The karaghiozis theatre reached its peak between 1890 and 1930. But after World War II, during which time some shadow players such as Antonis Mollas, Orestis (Anestis Vakaloglou) and Sotiris Spatharis (Σωτήρης Σπαθάρης) produced excellent patriotic plays, the form lost its verve and its inspiration. Especially in urban areas, this decline was mainly due to the general diminishing of popular culture (which had formerly made up the aesthetic context of the shadow theatre) as well as the changes in the audience base, constituted now, more and more, of children and tourists. Rather than a craftsman, the shadow player became an “artist”. His shows were no longer a two-way interaction with an audience on whose reaction the shadow player depended for his improvised dialogue. This popular performance had become a form of urban folkloric theatre.
The Karaghiozis Today
Educational use of the form in schools and private children’s theatres contributed to the folkloric quality. New subject matter was developed, inspired by Greek mythology, the works of Sophocles, Aristophanes as well as fairy tales and other suitable stories. The moralistic aspect was emphasized, even the central figure of the clever jester, with his pro- or anti- social behaviour was rejected and discarded as nihilistic and therefore a bad pedagogic model.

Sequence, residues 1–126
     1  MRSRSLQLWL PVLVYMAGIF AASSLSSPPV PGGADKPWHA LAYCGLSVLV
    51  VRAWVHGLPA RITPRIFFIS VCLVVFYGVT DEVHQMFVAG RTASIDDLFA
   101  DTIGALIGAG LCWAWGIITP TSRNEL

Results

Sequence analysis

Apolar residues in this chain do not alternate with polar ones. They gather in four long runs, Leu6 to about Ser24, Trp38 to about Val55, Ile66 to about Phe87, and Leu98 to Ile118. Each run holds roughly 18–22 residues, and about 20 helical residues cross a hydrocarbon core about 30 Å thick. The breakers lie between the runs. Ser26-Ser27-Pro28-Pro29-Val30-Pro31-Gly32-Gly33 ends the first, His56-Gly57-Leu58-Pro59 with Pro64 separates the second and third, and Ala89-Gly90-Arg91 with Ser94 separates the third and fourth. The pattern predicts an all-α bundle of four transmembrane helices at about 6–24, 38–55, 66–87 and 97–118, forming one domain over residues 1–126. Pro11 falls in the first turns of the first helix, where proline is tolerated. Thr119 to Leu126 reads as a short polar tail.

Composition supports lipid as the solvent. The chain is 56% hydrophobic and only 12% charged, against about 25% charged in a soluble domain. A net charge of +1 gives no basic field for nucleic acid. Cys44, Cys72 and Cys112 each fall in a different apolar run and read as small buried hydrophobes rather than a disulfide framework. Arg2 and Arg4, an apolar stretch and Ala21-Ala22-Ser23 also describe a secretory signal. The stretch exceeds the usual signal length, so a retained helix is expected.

If there were a large number of booklets/librettos containing karaghiozis plays, the old pre-war outlines have since disappeared (they were in any case dubious sources for the reconstruction of the improvised word in the oral tradition). However, numerous video recordings exist and the karaghiozis is often featured on television.
And then there are those, like Eugenios Spatharis (Ευγένιος Σπαθάρης, and the Spathario Shadow Theatre Museum in Marousi, near Athens), Tasos Konstas (in his theatre in the Plaka, in Athens), and Panos Kapetanidis (in Keratsini and elsewhere in Greece), who continue to perpetuate the tradition.